Adele’s niece, 90-year-old California shopowner Maria Altmann (Helen Mirren), charms a friend’s lawyer son, Randol Schoenberg (Ryan Reynolds), the grandson of Austria’s Jewish composer Arnold Schoenberg, to work on her behalf to get her aunt’s painting back. Maria’s sister recently died and papers in her belongings clearly showed that the painting belonged to the family’s heirs (Maria and heirs living in Canada). But things are not so cut-and-dry. Adele’s “will” bequeathing the painting was never signed. After she died, it was her husband’s property.

Randy just got a brand new job but decides to take on Maria’s quest. We are not told their arrangement, but Randy’s devoted, patient wife Pam (Katie Holmes) expresses how tough things are for them financially. We must assume Randy is paying for his trips to Austria himself and doing the back-breaking, thankless work solely for the sake of justice.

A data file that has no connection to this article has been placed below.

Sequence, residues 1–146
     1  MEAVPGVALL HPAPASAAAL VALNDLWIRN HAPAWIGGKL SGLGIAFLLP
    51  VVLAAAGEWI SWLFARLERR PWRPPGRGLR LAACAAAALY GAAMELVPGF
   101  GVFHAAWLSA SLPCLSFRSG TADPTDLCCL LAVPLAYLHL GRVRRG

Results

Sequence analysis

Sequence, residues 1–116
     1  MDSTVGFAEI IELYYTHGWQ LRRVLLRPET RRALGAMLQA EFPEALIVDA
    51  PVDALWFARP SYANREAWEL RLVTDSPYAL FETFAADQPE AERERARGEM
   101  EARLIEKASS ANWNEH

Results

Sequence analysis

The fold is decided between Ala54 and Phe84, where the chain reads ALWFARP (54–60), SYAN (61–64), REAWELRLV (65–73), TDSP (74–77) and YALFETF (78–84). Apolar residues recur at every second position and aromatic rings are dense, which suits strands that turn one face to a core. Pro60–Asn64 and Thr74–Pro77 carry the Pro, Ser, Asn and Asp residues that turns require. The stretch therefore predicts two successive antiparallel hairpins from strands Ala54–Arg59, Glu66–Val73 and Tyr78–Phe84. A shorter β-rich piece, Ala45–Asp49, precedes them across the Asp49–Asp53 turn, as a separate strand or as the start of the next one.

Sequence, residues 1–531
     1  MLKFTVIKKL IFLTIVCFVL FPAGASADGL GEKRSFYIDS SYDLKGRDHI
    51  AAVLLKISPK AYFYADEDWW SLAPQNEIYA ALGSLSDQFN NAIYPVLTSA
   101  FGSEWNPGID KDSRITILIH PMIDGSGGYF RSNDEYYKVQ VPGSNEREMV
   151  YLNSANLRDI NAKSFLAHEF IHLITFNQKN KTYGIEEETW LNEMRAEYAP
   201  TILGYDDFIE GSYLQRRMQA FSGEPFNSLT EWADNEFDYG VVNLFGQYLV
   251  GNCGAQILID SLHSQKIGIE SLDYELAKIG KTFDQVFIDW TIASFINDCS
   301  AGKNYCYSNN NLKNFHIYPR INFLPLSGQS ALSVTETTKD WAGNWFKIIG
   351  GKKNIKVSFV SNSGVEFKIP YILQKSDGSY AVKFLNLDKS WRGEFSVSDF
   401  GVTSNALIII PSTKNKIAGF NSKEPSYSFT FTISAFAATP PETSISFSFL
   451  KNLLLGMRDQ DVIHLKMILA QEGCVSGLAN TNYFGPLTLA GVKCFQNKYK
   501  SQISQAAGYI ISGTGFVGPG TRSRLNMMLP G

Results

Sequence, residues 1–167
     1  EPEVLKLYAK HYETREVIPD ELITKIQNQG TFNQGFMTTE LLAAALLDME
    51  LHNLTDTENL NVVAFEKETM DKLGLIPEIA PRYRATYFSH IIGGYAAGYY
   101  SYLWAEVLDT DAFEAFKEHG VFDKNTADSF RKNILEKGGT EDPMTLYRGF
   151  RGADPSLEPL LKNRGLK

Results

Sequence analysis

Since wars began, armies have always looted. When Napoleon went to Egypt, he brought the 167-strong Commission des Sciences et des Arts for the sole purpose of looting. On one of my several trips to Egypt, my Egyptian tour guide told me, “They took the best stuff.” Today, the Louvre remains home to one of the largest departments of Egyptian antiquities in the world, holding objects dating from the 12th century BC to the 4th century AD.

Even obelisks,” Saddik added, in a clear reference to the two so-called Cleopatra’s Needles that adorn Paris’s Place de la Concorde and the Victoria Embankment of the Thames in LondonNapoleon’s rape of Egyptian culture even included two obelisks, the “Cleopatra’s Needles”, that adorn Paris’s Place de la Concorde. If he could have, Napoleon would have moved the Sphinx to his palace garden.